Friday, 13 December 2013

The Wine Critic's Critic: James Suckling: The wine industry’s Bon Viveur. 87/100 points.

'I'd love to meet James one day. He looks like a bloke who just loves life. I bet he would be a great guest to invite to a dinner or drinks party. His site is a superb example of how to use social media and appeal to a wide range of consumers. He shows that knowledge alone won't make you popular - you need to know how to market your brand to support it, and he is damn good at this'.

An aficionado of Italian wines and cigars, James Suckling globetrots between exotic locations (London, Cuba, Tuscany, Hong Kong, New York, LA) seeking out the best tastings, smokes, parties and celebrities. He is a cross between a well-healed, personable bon viveur (Monte cristo and liquor in hand, discussing his favourite topics with amigos in a late night Cuban bar) and the Hollywood star Jack Nicholson at the height of his career (mane of hair, cool dude, charm, charisma, cigars and, above all, self confidence).

James has his critics. Some have called him pompous, self-promoting and a lazy taster. But this isn’t how I see James.

James may come across as phlegmatic and self-promoting to some, more style than substance, but don’t under estimate his seriousness, knowledge and ability as a wine connoisseur and communicator. I believe James is the greatest communicator of wine on the planet to the enthusiastic and novice consumer groups.

There is something quite addictive about his site. Maybe it is the combination of novelty, video and his easy, sometimes breezy style (hey man, how’s it goin’) which appeals to me. He is different and an antidote to the serious web sites of Allen Meadows and Jancis Robinson. Each to their own.

His web site is very slick and a stellar example of how to use new media (notably twitter and video) to convey his knowledge of and passion for wine in today’s world. He is definitely ‘new school’ and some in the wine industry will find his simple communication style, tasting approach and tasting notes uncomfortable, but he knows how to speak to his target audiences.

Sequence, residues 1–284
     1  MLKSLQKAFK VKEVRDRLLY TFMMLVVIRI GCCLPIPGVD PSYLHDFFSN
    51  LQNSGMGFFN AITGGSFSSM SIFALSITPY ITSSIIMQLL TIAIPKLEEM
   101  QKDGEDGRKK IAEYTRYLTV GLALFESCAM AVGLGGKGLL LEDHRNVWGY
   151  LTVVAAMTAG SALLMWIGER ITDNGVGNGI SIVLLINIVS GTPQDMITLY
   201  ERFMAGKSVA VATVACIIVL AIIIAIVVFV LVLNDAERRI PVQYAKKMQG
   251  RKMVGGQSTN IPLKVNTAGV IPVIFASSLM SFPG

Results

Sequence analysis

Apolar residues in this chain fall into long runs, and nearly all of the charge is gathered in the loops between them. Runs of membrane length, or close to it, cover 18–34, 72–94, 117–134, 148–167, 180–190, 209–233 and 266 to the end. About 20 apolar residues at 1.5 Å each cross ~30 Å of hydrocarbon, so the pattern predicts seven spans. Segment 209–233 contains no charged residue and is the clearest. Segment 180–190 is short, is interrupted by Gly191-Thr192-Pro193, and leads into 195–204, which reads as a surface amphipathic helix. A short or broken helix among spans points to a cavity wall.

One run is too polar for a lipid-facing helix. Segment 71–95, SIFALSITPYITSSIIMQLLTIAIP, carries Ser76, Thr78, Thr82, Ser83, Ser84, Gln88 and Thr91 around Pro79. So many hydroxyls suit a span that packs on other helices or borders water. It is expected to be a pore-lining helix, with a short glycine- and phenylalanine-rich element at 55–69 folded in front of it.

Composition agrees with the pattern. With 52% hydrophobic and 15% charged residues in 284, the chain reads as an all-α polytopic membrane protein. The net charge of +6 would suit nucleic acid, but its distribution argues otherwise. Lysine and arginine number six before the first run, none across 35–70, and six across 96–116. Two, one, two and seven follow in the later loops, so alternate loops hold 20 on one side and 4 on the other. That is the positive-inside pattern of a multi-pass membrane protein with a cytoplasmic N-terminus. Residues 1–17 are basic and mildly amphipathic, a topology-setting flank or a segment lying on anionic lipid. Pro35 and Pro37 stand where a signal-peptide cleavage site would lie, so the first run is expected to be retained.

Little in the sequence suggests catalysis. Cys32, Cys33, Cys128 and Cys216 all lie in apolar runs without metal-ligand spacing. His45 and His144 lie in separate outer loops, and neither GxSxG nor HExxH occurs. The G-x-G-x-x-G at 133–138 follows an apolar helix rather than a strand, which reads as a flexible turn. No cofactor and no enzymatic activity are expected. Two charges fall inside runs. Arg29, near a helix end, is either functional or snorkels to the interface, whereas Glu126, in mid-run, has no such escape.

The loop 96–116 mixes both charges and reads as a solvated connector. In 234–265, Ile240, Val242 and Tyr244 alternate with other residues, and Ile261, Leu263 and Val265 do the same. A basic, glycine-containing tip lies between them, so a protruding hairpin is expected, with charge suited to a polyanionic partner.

His site doesn’t have the depth of content of Allen Meadows and Jancis Robinson but his target audiences are different. His simple and pithy tasting notes suit some people and make his knowledge easily digestible. He is more entertainment than education, and this appeals to a very large segment of the market, even if it alienates the more serious end of the trade. He adopts a ‘less is more’ approach and it works. Here is an example of a tasting note:



“This is a phenomenal pure merlot with blueberries, raspberries and hints of milk chocolate. Some nutmeg too. Full body with very fine yet chewy tannins and a long, intense finish. Reminds me of the amazing 1998. Best ever from here. Needs four or five years of bottle age to soften”.

He is innovative too, bringing vineyards, growers and events into your home through video, creating a platform for independent merchants through his wine challenges, creating his Lalique glass and using his own events (e.g. Great Wines of Italy and Divino Tuscany) to both market his business and showcase great wines.

He has started to franchise out some of the content creation to his partners (as Parker has done) and it remains to be seen whether they can live up to his standards (as with Parker’s site) and get people re-subscribing.

So efficient (i.e. short and sharp) and interesting (on the whole anyway) are his videos to watch, James' challenge will be to create enough content to keep up with demand. His site and business are clearly well funded.

Here are my scores for James and

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